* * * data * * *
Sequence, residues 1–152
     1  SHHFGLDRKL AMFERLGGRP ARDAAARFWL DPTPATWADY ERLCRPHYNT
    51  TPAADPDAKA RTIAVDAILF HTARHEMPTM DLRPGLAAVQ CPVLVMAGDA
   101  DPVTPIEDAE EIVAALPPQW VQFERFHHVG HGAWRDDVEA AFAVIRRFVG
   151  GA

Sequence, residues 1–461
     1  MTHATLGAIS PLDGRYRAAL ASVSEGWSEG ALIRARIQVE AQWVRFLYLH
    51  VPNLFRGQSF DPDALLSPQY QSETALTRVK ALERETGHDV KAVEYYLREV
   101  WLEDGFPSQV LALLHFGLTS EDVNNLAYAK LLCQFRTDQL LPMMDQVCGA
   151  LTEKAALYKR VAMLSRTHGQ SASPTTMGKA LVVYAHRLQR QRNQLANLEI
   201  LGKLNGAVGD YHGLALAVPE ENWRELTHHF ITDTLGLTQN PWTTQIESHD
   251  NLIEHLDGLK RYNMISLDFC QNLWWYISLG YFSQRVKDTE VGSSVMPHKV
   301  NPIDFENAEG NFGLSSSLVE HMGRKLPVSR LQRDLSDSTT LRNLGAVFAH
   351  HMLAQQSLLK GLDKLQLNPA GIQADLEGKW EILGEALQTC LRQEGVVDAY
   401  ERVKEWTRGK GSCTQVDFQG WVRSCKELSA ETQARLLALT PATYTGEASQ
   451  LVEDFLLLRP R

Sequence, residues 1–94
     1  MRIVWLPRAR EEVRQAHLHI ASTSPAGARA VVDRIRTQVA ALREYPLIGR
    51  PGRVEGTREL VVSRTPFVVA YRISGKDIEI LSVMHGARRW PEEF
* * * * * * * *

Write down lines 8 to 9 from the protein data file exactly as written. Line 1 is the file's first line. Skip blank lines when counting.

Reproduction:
    51  VPNLFRGQSF DPDALLSPQY QSETALTRVK ALERETGHDV KAVEYYLREV
   101  WLEDGFPSQV LALLHFGLTS EDVNNLAYAK LLCQFRTDQL LPMMDQVCGA